Monday, January 24, 2011

Budgeting for the Year Ahead

If you're on top of your business, you're probably doing your year end finances right now and planning for the year ahead. If you're not on top of your business, you'll probably put this off until the last minute and maybe even pay late this year because you'll realize at the last minute that you hadn't set aside enough to pay your income taxes. Well, my lovely lovecat- let's make this year better than the last, OK?

Here's how I generally like to budget in order to help me appropriately manage my income to cover my current and future expenses:

- 30% personal salary & quality of life
- 30% planned for IRS (whatever is left over becomes bonus or retirement)
- 25% business expenses
- 10-5% education/conference/workshops/networking
- 10-5% giving back
- 10-5% savings for emergency repairs/replacements and/or retirement

This means, for every $1000 that walks in the door...
$300 goes to me personally
$300 goes to the IRS
$250 covers business expenses
$50-100 is invested in my education
$50-100 is paid forward or given back
$50-100 is saved for a rainy day or future

There are more breakdowns within each category- especially business expenses to cover overhead and operational costs, but this is a good guide toward making sure that you're setting aside enough from each little piece of income you earn in order to account for everything you need to pay for when you're self-employed. If I've missed a larger picture item that you like to budget for, feel free to share in the comments below!

Anne Ruthmann is a lifestyle & wedding photographer from Boston, MA. She spent 10 years practicing marketing & management in corporate and non-profit businesses before pursuing her passion for photography as an independent small business. She loves helping others find creative and low-cost solutions to business problems. Follow her on Twitter to see her daily adventures and thoughts.

10 comments:

  1. If you're self-fulfilling print orders &/or album orders, you probably need to plan a lot more for business expenses. Anne, I know you use Pictage for all your hard copy sales - so you just get the fabulous check after the expenses are taken out. For those of us who do our own albums, we need to keep the costs of those in mind. 25% isn't enough to cover overhead + cost of sales, unless you're marking your albums up 500% :)

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  2. I budget similar to Anne's when it comes to bookings from weddings & boudoir sessions. Things like albums go into a completely different fund, separate from overhead expenses.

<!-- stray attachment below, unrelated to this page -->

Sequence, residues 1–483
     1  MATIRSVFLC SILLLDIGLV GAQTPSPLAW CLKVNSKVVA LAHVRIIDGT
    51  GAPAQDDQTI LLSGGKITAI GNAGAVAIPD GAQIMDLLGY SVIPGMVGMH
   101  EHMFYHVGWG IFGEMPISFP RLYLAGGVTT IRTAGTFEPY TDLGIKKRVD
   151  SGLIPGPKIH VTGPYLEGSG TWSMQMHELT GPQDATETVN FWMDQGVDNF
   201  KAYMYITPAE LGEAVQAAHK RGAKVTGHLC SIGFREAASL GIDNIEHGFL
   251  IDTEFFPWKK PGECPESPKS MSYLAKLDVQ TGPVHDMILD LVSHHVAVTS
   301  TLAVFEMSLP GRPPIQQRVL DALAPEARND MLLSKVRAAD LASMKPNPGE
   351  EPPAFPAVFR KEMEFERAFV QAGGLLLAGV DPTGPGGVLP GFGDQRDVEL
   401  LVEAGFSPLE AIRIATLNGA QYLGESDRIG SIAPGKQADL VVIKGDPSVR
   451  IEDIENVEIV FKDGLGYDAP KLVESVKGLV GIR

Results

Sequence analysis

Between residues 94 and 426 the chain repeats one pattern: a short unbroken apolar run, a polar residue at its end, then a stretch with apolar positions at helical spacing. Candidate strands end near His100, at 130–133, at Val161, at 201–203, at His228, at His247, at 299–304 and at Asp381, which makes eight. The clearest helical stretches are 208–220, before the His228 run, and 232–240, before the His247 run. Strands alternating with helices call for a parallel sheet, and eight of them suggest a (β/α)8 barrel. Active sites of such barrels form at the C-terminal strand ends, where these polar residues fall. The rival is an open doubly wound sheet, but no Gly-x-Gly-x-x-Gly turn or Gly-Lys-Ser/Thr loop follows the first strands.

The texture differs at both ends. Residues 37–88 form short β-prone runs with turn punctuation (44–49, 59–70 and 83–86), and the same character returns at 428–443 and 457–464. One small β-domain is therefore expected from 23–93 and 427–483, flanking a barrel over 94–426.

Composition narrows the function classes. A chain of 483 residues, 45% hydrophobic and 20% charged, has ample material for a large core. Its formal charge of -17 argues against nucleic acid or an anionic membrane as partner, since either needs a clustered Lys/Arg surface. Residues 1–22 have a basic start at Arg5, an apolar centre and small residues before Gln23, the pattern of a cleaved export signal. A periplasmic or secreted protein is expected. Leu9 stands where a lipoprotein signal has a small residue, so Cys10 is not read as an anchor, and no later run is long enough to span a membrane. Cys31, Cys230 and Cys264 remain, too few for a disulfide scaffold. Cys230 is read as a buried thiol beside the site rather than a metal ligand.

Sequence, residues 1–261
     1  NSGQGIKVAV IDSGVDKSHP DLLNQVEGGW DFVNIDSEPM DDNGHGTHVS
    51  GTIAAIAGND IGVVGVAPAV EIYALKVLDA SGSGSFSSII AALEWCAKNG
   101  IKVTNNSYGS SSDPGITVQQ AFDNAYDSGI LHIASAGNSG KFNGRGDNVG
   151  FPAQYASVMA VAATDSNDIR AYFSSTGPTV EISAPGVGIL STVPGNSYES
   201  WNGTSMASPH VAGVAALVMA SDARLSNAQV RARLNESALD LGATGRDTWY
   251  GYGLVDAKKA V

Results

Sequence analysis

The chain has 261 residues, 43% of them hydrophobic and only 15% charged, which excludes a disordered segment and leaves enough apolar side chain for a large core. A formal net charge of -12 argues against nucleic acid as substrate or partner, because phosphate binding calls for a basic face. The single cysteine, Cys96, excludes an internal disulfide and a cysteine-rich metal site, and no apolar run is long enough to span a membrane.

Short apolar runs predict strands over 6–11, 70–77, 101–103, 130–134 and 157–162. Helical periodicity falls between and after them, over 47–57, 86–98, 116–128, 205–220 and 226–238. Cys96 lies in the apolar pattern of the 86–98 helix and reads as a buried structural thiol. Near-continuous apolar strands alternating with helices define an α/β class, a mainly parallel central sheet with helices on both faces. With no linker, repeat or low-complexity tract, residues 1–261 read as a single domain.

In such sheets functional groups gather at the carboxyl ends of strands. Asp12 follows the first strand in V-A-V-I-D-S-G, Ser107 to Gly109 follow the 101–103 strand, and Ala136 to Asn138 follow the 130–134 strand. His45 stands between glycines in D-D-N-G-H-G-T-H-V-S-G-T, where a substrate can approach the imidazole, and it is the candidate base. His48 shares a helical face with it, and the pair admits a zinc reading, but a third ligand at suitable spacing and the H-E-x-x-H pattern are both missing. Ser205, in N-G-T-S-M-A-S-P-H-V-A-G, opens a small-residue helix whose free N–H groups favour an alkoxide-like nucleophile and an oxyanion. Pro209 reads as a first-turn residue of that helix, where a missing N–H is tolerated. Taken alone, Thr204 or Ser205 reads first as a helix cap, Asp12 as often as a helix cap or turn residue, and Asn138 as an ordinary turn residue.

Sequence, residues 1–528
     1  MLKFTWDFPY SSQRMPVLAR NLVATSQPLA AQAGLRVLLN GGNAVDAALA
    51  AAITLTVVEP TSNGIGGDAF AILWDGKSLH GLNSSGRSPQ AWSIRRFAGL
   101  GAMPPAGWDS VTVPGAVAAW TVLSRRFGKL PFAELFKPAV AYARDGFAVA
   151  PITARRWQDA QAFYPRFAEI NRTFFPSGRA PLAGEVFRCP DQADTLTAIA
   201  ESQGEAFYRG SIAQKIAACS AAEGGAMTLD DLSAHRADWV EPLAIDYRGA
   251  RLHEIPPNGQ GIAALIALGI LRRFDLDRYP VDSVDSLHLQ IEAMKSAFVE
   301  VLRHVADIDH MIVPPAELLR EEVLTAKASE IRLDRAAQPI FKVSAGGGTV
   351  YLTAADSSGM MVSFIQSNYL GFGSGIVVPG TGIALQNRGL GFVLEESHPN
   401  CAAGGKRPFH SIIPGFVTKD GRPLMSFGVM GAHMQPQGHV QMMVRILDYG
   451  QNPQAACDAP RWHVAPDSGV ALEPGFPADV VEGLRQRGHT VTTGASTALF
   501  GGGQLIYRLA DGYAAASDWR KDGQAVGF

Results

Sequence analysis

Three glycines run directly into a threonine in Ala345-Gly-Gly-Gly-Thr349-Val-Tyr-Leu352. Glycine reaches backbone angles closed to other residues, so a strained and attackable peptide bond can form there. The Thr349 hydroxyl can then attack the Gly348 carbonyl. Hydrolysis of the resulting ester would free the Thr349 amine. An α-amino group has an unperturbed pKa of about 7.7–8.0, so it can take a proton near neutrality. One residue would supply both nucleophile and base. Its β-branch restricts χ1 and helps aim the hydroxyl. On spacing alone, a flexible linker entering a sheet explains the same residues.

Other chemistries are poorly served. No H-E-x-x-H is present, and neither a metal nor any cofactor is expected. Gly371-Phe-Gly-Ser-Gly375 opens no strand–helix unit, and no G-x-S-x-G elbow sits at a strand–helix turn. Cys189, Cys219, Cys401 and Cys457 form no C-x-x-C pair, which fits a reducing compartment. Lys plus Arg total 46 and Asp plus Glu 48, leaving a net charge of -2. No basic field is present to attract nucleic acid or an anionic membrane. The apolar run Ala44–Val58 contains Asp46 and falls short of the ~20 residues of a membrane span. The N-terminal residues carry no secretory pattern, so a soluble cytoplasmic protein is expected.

So if a client books a $4000 wedding which includes an album that costs me $600, I set $600 aside before I do the division of the rest. I also set aside any other costs I know I'll be covering, such as outsourcing my editing.

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  3. Krista - I think this depends greatly on how you price your products. Your products should obviously be covering the cost of your time- and that becomes part of your own personal salary.

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  4. Christine - I definitely consider the COGS and outsourcing part of my business expenses.

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  5. Oh, I do too! I just sort them out differently. I didn't do a good job of explaining that...

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  6. Great estimator! I have been averaging a lot more in expenses though (about 40 percent)...which is why my album prices had to go up for 2012. thanks for this reminder though!

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  7. one relatively large expense i didn't see mentioned - health insurance.

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  8. Health insurance is one of those things that you need to decide if you've planned for it as a business or a personal expense. Depending on how you have your business set up (sole-proprieter vs. s-corp, LLC, inc, etc.) is part of how you can determine which category you'll be expensing it from. If you get a discount on health insurance costs at a certain income level, than it may be coming directly out of your personal salary or "quality of life" portion. If you have a business structure that is completely separate from your personal liability, you'll want to take it out of your business expenses. As long as you know what that monthly or yearly amount is and can account for it- that's one of those things that you'll be account for where it's most appropriate for you. Likewise, if you're on a family health insurance plan as a dependent or spouse with someone else in your household, or if you're a part time photographer with another job that provides health insurance, you may not need to account for it in your photography business at all.

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  9. Hi Anne,
    I was just rereading this post. Thanks for the guidelines. How do you stick to or keep track of those percentages so you know you are staying within them? For example, do you open up another account to put your tax money in? I'm trying to decide the best way to organize this because I did find myself in a pickle with taxes at one time! How about the other categories. Thanks!

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